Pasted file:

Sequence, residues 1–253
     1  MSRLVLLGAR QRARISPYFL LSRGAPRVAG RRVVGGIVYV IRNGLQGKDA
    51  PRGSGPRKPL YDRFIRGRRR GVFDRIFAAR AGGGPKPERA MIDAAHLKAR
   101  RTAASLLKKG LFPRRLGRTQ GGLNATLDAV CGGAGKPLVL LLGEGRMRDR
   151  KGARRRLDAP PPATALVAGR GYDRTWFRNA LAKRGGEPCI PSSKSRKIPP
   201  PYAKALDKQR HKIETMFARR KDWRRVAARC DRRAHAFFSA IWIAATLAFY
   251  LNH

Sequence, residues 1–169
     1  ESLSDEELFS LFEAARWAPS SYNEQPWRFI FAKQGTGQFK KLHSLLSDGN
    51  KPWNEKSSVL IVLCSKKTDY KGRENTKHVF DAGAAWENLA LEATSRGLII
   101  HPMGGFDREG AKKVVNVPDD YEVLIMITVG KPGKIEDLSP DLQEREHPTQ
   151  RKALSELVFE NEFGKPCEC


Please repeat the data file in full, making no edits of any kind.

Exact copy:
Sequence, residues 1–253
     1  MSRLVLLGAR QRARISPYFL LSRGAPRVAG RRVVGGIVYV IRNGLQGKDA
    51  PRGSGPRKPL YDRFIRGRRR GVFDRIFAAR AGGGPKPERA MIDAAHLKAR
   101  RTAASLLKKG LFPRRLGRTQ GGLNATLDAV CGGAGKPLVL LLGEGRMRDR
   151  KGARRRLDAP PPATALVAGR GYDRTWFRNA LAKRGGEPCI PSSKSRKIPP
   201  PYAKALDKQR HKIETMFARR KDWRRVAARC DRRAHAFFSA IWIAATLAFY
   251  LNH

Sequence, residues 1–169
     1  ESLSDEELFS LFEAARWAPS SYNEQPWRFI FAKQGTGQFK KLHSLLSDGN
    51  KPWNEKSSVL IVLCSKKTDY KGRENTKHVF DAGAAWENLA LEATSRGLII
   101  HPMGGFDREG AKKVVNVPDD YEVLIMITVG KPGKIEDLSP DLQEREHPTQ
   151  RKALSELVFE NEFGKPCEC